Monday, April 29, 2013

An Introduction to Creation Care: A Talk Given at Davenport Church of Christ, Red Deer, April 12, 2013

The following is the introduction to a series of talks I gave in Red Deer on April 12-14, 2013, on creation care. This text provides the gist of what I said, but of course I riffed a bit. I also had PowerPoint images to go along with this talk. Note that when I talk about creation, I am in no way disparaging evolution. One can affirm creation and evolution, without doing too much damage to the definition of either.

I opened with a story that I did not write down, about my bizarre encounter with a strange neon blue marine worm in Halifax, NS, in which I picked up this creature and accidentally dropped it. Its body burst in two, white liquid poured out, and then its smooth face curled up in my direction, its face peeled back and this white puffy flesh emerged. On the end of the flesh were two black, curved fangs. Needless to say, I ran away pretty fast. Only later did I learn that these polychaetes turn a bright blue during the breeding season. They swim to the surface, where part of their body detaches and explodes in a shower of gametes. The white flesh I saw was its esophagus, which it shoots out of its mouth to impale its prey.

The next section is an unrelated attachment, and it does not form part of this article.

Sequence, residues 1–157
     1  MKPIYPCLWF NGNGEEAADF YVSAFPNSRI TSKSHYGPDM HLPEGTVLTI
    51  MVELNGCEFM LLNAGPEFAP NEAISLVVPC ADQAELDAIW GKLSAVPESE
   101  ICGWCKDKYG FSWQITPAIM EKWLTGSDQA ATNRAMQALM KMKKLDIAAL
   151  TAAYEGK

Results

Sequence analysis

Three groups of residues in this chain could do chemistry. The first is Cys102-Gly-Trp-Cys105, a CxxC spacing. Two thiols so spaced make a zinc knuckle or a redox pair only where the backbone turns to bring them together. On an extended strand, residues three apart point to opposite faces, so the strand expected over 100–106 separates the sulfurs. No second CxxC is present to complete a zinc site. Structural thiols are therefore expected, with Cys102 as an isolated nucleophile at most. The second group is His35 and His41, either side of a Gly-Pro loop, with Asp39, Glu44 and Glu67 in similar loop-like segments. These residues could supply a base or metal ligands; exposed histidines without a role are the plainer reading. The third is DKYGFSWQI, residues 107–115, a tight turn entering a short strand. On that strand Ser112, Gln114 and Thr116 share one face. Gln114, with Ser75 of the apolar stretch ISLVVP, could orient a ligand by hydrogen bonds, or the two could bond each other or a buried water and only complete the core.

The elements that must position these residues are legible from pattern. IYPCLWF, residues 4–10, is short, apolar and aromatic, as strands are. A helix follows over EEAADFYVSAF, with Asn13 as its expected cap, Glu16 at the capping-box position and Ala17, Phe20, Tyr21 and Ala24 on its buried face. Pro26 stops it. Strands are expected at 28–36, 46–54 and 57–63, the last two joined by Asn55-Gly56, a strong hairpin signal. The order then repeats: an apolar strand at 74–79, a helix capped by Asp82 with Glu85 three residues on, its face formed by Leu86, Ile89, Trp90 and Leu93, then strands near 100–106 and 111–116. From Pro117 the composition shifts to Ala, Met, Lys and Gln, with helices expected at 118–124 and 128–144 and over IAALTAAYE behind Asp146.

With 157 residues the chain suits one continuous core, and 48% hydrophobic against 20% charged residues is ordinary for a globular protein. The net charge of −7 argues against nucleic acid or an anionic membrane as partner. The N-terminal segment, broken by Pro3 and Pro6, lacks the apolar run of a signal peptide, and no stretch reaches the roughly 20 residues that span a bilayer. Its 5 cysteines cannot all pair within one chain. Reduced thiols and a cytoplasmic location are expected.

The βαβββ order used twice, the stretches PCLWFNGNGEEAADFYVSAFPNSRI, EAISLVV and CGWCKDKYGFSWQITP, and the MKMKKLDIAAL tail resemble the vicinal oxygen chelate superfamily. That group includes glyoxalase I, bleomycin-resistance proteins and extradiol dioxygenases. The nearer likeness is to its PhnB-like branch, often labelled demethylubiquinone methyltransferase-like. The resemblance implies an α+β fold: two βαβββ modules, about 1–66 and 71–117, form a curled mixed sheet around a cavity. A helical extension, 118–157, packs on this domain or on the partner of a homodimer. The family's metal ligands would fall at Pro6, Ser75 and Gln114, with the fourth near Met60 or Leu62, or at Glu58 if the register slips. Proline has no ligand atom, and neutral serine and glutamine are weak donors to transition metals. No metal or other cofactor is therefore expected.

Tuesday, April 16, 2013

Ceratium, Alberta's Carnivorous Alga


Ceratium hirundinella, featured above, is a single-celled dinoflagellate, which may very well be the coolest non-dinosaur name given to a creature. Its name is well-deserved: Ceratium is a monster. It is the fastest moving of the algae, and it is a carnivore, actively hunting down other algae while also generating food from the sun. During periods of stress, they can form cysts that are resistant to winter temperatures and dehydration. The hardiness of these cysts has enabled Ceratium to spread throughout the northern hemisphere. It is apparently also making inroads in South America.

Monday, April 15, 2013

Dileptus, the Carnivorous Elephant of Albertan Ponds

I'm getting more comfortable using my microscope to identify the incredible diversity of organisms living in Alberta's ponds. Rather than keep this to myself, I thought I'd post every now and then on some critter I've identified. Of everything I have seen so far, the species featured below has given me the greatest heebie-jeebies.